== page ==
Ok so unlike everyone else on this thread but @liamm I voted Pro. Here’s why: To begin with I think there was a missed debate here. Pro talks about prison as a punitive endeavor. Con talks about it as an incapacitative endeavor. On this point I was disappointed because this entire philosophical discussion was sidelined rather than highlighted. I have a lot of expertise in this area, so it was regrettable this underlying distinction never became clearly addressed. With that said, there were two arguments made that were absolutely critical. The first was @metant3 point about how many years. Pro was correct that he didn’t have to outline the number of years, especially as he was arguing for a rehabilitative system in which release would be conditional on rehabilitation. I found Pros arguments on this point Persuasive anyway. The other and more critical argument was Con’s claim that some people have an increased proclivity to crime. Fortunately for Pro, this argument was resolved the minute Con responded that he would not lock up someone until after the crime. Cons argument here is that those with an increased proclivity to crime ought to receive life sentences as they cannot be rehabilitated. The examples he provided were intended to illustrate this point. But the minute he agrees that punishment is conditional upon crime already done, this whole point is disqualified. Cons argument is that punishment must be dealt to stop future crime. Con speaks out of both sides of his mouth to say we have to lock people up for the purpose of stopping them from future crime while still arguing that we should wait until someone commits a crime to punish them. So the point about people not being able to be rehabilitated by Con concedes that justice requires crime before punishment. For that reason I vote Pro (against my personal bias). It was a fantastic debate with two extremely credible and persuasive speakers.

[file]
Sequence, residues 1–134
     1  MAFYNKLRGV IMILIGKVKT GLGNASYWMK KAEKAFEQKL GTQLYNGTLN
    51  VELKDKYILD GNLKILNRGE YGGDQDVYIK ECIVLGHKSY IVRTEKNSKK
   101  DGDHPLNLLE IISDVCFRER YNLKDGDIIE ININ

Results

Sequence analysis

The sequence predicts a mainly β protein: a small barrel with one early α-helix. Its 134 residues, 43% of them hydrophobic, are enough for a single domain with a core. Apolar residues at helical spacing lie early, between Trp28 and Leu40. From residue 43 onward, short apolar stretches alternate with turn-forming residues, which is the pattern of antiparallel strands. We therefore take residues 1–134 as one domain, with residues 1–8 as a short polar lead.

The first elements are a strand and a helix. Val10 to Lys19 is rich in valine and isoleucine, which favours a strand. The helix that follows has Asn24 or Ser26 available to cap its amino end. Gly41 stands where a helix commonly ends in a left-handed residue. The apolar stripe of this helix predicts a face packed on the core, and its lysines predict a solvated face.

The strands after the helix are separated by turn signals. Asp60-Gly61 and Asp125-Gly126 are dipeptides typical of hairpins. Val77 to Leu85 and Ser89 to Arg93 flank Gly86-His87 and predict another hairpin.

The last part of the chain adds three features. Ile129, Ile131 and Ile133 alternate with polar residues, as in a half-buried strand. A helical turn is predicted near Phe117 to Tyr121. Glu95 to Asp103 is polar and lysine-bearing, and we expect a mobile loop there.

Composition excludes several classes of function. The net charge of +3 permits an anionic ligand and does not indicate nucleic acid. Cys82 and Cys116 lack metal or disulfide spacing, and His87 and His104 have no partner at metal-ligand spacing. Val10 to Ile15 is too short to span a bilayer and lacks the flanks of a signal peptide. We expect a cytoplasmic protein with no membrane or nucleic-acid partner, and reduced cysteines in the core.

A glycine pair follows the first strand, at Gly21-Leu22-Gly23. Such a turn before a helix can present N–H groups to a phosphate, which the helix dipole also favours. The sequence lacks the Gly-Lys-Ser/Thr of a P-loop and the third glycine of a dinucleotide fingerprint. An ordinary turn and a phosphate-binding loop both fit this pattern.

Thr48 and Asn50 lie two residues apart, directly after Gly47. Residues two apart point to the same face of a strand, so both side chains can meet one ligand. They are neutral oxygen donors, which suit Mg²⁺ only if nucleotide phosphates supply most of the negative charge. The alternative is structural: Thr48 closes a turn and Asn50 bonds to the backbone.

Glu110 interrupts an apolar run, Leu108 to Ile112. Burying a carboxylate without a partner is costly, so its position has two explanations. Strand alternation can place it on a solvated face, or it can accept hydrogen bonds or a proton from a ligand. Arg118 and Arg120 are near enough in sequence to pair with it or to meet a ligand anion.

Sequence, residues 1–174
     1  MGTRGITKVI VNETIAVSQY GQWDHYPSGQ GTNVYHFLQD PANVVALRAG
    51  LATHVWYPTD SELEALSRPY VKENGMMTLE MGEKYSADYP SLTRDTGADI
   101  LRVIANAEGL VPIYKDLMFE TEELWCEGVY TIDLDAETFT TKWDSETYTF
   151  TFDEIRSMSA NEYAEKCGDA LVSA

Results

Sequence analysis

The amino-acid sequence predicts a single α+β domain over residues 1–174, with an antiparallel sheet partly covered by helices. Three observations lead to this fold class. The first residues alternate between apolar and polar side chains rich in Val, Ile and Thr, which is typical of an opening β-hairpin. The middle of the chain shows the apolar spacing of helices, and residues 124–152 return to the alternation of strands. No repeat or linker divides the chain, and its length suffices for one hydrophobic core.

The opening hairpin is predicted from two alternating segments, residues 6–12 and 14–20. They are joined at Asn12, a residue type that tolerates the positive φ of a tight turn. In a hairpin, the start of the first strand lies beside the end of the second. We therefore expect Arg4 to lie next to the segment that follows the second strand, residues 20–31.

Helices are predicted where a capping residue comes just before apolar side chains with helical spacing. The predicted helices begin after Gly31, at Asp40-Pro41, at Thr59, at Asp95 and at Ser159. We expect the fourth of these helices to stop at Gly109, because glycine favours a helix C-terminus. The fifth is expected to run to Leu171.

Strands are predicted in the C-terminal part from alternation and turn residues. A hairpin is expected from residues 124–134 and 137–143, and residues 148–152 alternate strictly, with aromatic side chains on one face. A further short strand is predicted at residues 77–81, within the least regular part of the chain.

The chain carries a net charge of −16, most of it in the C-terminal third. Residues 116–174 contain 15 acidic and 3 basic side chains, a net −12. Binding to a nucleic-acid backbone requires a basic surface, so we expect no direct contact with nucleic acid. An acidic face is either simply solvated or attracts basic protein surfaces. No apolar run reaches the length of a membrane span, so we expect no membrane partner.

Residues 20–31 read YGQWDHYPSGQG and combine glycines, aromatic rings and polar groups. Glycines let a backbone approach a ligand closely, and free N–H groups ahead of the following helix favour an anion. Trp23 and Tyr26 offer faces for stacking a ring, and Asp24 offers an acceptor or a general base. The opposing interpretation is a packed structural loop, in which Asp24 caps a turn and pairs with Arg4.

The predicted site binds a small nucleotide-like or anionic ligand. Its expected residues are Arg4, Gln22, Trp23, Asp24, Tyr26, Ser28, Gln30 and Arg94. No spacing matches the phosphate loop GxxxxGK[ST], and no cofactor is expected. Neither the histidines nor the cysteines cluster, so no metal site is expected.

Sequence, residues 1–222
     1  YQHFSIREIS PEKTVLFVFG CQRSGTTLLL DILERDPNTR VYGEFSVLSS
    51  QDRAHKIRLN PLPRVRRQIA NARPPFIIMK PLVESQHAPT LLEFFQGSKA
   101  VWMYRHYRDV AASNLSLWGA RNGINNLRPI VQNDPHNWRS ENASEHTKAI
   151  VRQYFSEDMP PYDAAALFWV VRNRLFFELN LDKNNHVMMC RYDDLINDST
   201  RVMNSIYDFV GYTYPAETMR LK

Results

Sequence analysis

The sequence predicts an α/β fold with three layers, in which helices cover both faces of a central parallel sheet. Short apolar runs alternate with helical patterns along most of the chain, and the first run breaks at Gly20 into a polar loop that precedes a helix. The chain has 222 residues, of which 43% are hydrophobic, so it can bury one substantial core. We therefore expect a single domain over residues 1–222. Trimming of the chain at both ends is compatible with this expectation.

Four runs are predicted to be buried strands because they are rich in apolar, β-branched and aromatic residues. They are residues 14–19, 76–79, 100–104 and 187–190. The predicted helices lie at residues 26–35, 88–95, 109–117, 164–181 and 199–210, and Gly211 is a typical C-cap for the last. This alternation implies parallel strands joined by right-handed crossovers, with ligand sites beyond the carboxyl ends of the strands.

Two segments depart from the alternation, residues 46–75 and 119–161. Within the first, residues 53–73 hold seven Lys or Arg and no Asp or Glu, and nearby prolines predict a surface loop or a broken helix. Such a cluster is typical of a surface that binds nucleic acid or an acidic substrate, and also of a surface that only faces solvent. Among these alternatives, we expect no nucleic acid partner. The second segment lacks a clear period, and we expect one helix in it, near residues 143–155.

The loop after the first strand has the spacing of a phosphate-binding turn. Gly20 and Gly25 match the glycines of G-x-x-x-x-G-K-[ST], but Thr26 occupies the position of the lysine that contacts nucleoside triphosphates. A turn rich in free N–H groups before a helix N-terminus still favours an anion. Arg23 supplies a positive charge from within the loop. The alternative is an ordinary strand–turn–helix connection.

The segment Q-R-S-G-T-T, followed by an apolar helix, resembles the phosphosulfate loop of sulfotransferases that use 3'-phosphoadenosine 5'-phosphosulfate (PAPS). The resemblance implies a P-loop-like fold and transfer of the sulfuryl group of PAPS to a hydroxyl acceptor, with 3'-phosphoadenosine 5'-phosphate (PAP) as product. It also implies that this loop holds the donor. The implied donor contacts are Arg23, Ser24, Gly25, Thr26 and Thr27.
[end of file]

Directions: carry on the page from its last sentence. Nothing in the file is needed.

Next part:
@noahdfarley eh, I have a bone to pick with this. You're voting for Pro because he says release should be conditional upon rehabilitation, but what if the person cannot be rehabilitated? Con points out that some people cannot be rehabilitated, and Pro has no answer to prove we can successfully rehabilitate everyone.If someone cannot be rehabilitated, then either you keep them in prison for life (con wins straight up) or pro's plan of conditional release doesn't actually have the condition met, so he's now effectively keeping them in prison for life (pro loses on topicality) or pro's plan releases an unrehabilitated person into the world (pro loses on horrifying Disadvantages). We already know certain people cannot be rehabilitated if they are multiple repeat offenders who have repeatedly been arrested for the same violent sexual crime. We already tried rehabilitation and it didn't work. We aren't arresting them for future crimes, we're punishing them for repeat offenses and keeping them in jail to protect the public from future offenses. If they don't want their future taken away, they shouldn't have raped and murdered a kid. And then when they were released from jail, they shouldn't have raped and murdered another kid. And then when they were released from jail, they shouldn't have raped and murdered another kid. Are we really holding the future of a person who raped and murdered a 5 year old old as more important than the future of that 5 year old whose life he stole? Or the future 5 year old who's life and innocence we can no longer protect?Pro's only solutions were rehab, which is not effective in certain cases. House arrest, which is still a life sentence, and restrictions on purchases, which has nothing to do with the question of release or non-release. Sorry, there's just no way Pro wins this.Also you and I had a variation of that debate about the purpose of prison time, which was definitely one of my favorite rounds I've had on here :).